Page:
President Buhari Vows to Intensify War on Militants

By David Malingha Doya, Elisha Bala-Gbogbo, and Emele Onu

  Mohammadu Buhari Photographer: Sunday Aghaeze/AFP via Getty Images

Mohammadu Buhari Photographer: Sunday Aghaeze/AFP via Getty Images

Nigerian President Muhammadu Buhari vowed to step up the fight against the Islamist militants and proponents of secession in his first speech after returning from three months of sick leave in London.

Nigeria’s national unity is “not negotiable,” Buhari, 74, said Monday in a nationally televised address. “Terrorists and criminals must be fought and destroyed relentlessly so that the majority of us can live in peace and safety.”

Buhari will inform the National Assembly in writing later Monday that he’s resuming work as president, his spokesman Femi Adesina, said. He flew back to the capital, Abuja, on Saturday, after treatment for an undisclosed illness. He had temporarily handed over power to his deputy, Yemi Osinbajo.

He’s returned at a time when Africa’s biggest oil producer faces a host of threats. The economy contracted last year for the first time since 1991 amid low revenue from crude exports, a conflict with the Islamist militant group Boko Haram has killed tens of thousands of people and threatened parts of the northeast with famine, and secessionist agitation by ethnic Igbos and tensions between them and the northern Hausa people are intensifying.

“We shall not allow irresponsible elements to start trouble and when things get bad they run away and saddle others with the responsibility of bringing back order, if necessary with their blood,” he said.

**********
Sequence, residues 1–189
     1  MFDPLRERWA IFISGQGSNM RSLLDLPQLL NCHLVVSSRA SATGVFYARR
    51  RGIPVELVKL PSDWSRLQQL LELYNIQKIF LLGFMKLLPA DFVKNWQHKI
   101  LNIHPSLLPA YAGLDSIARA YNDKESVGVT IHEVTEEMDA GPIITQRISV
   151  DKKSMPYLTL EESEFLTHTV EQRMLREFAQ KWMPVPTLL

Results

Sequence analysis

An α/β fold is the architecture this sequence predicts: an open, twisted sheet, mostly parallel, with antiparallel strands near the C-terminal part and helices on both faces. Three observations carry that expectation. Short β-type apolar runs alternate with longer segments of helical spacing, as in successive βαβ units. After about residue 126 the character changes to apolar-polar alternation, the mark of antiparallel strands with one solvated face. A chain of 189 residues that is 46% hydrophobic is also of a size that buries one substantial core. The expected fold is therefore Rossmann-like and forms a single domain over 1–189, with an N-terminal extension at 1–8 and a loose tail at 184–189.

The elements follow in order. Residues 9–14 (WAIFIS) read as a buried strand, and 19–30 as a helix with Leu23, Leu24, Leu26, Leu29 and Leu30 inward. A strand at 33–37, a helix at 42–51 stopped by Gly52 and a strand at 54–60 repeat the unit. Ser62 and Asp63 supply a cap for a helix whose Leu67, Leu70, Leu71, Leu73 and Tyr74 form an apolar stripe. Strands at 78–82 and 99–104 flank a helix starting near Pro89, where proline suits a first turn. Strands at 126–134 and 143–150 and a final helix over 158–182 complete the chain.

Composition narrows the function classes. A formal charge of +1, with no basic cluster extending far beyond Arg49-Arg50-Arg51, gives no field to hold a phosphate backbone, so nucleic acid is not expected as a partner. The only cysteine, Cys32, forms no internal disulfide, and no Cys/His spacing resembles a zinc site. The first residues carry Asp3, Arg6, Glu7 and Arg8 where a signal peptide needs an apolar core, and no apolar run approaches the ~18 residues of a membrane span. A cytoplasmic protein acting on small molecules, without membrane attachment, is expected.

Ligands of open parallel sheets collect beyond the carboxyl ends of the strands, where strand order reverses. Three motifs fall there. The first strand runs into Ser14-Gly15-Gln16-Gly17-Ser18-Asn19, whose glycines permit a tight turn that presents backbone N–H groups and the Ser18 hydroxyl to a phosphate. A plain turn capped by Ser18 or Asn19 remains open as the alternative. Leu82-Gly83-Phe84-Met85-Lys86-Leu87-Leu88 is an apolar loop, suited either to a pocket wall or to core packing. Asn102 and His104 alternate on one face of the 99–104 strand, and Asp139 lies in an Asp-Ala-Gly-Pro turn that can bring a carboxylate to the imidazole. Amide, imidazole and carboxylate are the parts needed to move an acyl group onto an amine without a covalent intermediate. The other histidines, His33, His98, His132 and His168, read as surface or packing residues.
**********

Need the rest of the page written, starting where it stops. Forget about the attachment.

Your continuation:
Economic Recovery

With the economy showing signs of recovery, Buhari’s administration needs to demonstrate to businesses and investors that it can ensure a safe environment, said Sewa Wusu, Lagos-based analyst at SCM Capital. Amid a dearth of investment, the naira has weakened 13 percent this year against the dollar, the third-worst performer in Africa, and has lost more than half of its value since oil prices plunged in 2014.

“Economic security cannot be achieved in an environment of insecurity and terrorism,” he said. “These negative factors are hydra-headed monsters that should be tackled with serious determination and sincerity.”

Buhari didn’t say anything about the illness that required him to seek treatment in the U.K. and has fueled concerns about his ability to see through the rest of his first term that ends in 2019.

Ethnic Tension

In his speech, Buhari indicated that he’s open to talks with ethnic Igbo groups demanding secession in southeastern Nigeria by saying that he’d hosted Chukwuemeka Odumegwu-Ojukwu, the former leader of the failed breakaway state of Biafra, at his home 14 years ago, according to Cheta Nwanze, head of research at Lagos-based political risk advisory group, SBM Intelligence. An attempt to establish an independent Biafra led to a civil war from 1967 to 1970 that claimed the lives of about 1 million people.

“His reference to a meeting with Ojukwu in 2003 is a nod to the agitations from the southeast and signals a willingness to chart a different path from the hard stance he has taken thus far,” Nwanze said. “In all, it shows a realization that dialogue has to happen at some point to address the clamor for restructuring the country.”

Buhari’s statement that “every Nigerian has the right to live and pursue his business anywhere in Nigeria” appeared to be aimed at some northern youth groups that have threatened Igbos living in their area to leave by Oct. 1, Nwanze said.

While all ethnic and religious groups have legitimate concerns, Buhari said, it’s better to resolve them through dialogue in the National Assembly than violence.

“Every group has a grievance. But the beauty and attraction of a federation is that it allows different groups to air their grievances and work out a mode of co-existence,” he said. “The national consensus is that, it is better to live together than to live apart.”

— With assistance by Dulue Mbachu


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